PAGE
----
Cape York Partnership recogised the need to scale for grater impact on its communities. This required change and growth to achieve this, Fiona Jose, CEO shares their organisations story.

Our latest report in collaboration with McKinsey & Company examines what makes a not-for-profit organisation “healthy”.

Research highlights a collective national effort is needed to sustain and improve the health of the not-for-profit
sector. It has some remarkable strengths to build on, but also significant opportunities to expand its
aspirations: to grow talent, enhance its execution discipline, and boost innovation and collaboration.

Cape York Partnership shares how by prioritising talent growth and execution excellence they have been able to more effectively support their mission.

‘We realised the positive impacts of scale—in buying power and standardising processes—were critical to freeing up funds to then put to frontline service delivery and reform.’

FIONA JOSE CEO, CAPE YORK PARTNERSHIP

Case study – Cape York Partnership


Cape York Partnership (CYP), a non-profit Indigenous organisation empowering the people of Cape York, recognised an opportunity to scale the impact they could have across their community. This meant aligning their entities around a unifying vision, and investing in shared, enabling systems to support their frontline leaders in bringing that vision to life.

Over the past two decades, CYP has grown rapidly from an initial institute to ten thriving entities, but their success has also resulted in lack of clarity, and duplication in their operations. ‘To deliver on our mission, we needed to grow,’ explains CEO Fiona Jose, ‘but our back-office operations, in particular, became out of control.’

CYP embarked on a five-year journey to bring their entities together around a unifying vision and consolidate their services. “We realised the positive impacts of scale—in buying power and standardising processes—were critical to freeing up funds to then put to frontline service delivery and reform,’ says Jose. The process of consolidation also brought to light ‘how much risk we had been exposed to that we hadn’t fully understood’.

Critical to this shift was ensuring leaders felt part of the journey, ‘driving a collective sense of ownership over the whole entity’.

Collaboration with funders was essential too. ‘We worked with funders to show that upfront investment now meant they didn’tneed to continue to fund manual processes later down the track,’ explains Jose.

While the transition has been tough at times, Jose reflects that: ‘This model has allowed us to become much more sustainable. It has meant that we can track performance against standard goals, which has built accountability. Real conversations are now happening about performance.’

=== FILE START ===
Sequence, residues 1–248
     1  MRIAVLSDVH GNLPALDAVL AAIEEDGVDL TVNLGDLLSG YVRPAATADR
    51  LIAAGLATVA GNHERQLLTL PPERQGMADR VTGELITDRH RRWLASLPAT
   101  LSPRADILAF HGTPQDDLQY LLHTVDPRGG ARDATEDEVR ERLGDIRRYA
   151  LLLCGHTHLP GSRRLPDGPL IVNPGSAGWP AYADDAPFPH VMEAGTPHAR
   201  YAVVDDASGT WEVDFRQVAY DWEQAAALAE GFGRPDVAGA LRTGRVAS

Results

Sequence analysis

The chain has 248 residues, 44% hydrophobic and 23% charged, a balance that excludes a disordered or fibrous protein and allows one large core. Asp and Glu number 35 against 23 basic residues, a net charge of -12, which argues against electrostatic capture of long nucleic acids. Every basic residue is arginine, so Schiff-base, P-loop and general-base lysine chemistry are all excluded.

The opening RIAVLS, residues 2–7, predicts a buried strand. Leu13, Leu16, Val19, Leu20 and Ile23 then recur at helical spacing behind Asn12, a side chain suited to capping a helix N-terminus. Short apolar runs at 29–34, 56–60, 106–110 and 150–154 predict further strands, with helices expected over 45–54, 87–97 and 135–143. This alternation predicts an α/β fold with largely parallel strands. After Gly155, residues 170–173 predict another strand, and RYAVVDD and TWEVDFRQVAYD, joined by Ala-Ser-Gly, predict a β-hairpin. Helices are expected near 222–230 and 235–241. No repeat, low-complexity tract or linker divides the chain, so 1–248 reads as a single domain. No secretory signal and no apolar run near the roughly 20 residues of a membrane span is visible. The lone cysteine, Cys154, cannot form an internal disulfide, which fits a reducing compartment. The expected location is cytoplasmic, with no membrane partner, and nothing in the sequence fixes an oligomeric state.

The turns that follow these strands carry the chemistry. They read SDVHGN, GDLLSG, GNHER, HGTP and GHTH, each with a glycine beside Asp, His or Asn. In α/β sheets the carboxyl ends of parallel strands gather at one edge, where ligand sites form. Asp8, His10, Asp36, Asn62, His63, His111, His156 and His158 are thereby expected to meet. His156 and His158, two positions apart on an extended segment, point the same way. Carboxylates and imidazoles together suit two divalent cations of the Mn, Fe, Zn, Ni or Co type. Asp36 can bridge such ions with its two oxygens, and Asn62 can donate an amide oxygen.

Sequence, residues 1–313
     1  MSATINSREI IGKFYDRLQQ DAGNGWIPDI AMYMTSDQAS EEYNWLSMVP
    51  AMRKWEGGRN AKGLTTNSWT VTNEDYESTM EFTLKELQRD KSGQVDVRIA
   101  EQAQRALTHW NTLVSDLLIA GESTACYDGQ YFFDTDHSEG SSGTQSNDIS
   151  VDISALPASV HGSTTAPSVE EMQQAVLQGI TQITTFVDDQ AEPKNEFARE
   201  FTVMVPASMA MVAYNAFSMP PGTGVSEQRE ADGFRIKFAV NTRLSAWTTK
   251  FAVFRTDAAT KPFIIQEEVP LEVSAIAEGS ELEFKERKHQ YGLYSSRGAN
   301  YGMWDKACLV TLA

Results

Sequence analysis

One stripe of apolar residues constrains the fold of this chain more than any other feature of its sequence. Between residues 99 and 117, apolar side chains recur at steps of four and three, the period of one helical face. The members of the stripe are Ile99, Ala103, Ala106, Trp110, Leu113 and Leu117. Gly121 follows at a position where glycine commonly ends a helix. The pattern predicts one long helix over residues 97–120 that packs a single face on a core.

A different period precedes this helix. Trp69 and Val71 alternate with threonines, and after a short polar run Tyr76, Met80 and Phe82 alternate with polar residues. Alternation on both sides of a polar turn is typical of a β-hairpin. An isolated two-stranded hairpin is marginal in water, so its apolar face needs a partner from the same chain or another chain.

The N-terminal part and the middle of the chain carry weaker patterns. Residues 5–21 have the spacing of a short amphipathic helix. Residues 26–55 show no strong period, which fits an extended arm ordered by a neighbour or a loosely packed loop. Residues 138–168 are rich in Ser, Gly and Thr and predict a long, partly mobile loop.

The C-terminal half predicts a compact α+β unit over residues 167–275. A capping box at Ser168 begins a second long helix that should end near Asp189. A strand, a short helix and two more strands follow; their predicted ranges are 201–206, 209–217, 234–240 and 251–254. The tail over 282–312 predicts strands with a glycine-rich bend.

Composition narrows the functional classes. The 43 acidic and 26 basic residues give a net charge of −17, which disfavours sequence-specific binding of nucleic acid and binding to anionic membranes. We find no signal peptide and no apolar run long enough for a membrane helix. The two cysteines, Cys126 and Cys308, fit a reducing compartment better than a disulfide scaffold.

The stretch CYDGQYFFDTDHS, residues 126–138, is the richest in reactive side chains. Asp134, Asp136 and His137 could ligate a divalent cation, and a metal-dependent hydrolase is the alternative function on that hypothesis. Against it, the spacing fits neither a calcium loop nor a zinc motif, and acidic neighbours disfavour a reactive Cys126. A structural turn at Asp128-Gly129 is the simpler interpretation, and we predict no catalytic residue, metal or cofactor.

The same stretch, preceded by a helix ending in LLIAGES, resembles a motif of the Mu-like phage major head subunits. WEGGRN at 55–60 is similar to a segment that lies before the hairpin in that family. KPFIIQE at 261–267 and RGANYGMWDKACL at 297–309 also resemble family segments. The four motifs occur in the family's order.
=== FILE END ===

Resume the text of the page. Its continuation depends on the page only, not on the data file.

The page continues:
For Jose, the work of consolidating shared services has always been intimately tied to mission. ‘This change was not about losing people … it was about freeing up our central services professionals to be able to support and upskill our regional leaders with the operational and financial skills to more effectively have impact.’

CYP’s journey towards operational excellence has ultimately reinforced their purpose. As Jose says, ‘Let’s be clear: we are bold. If you don’t think your job is to build the capability of an Indigenous Australian to replace you, you haven’t understood our vision.’

‘Let’s be clear: we are bold. If you don’t think your job is to build the capability of an Indigenous Australian to replace you, you haven’t understood our vision.’

FIONA JOSE CEO, CAPE YORK PARTNERSHIP

Cape York Partnership website

*About this research – The Australian Scholarships Foundation collaborated with McKinsey & Company for this research. The research was based on McKinsey’s Organisational Health Index (OHI)’ diagnostic tool. McKinsey have used the OHI with 2000+ organisations (6 million+ responses) globally over two decades. The OHI measures how ‘healthy’ an organisation is. How it aligns around mission and strategy, executes with excellence, and renews itself to sustainably achieve its aspirations.

Findings are based on 4,000+ OHI survey responses across 37 prominent Australian social sector organisations. Also sector CEO roundtables and in-depth case studies on non-profits who are out-performing, even in the current environment.


Sharing stories to support organisational health

We’d like to share more insights like these to help improve not-for-profit staff capabilities and support organisational health and growth. If your organisation perform well at one or more of the three key capabilities this latest report has highlighted (talent growth, execution excellence and system shaping) we would love to hear from you. Please contact us if you are open/willing to share some of your insights and lessons with others in the sector.

Read more of our insights on not-for-profit capability building here.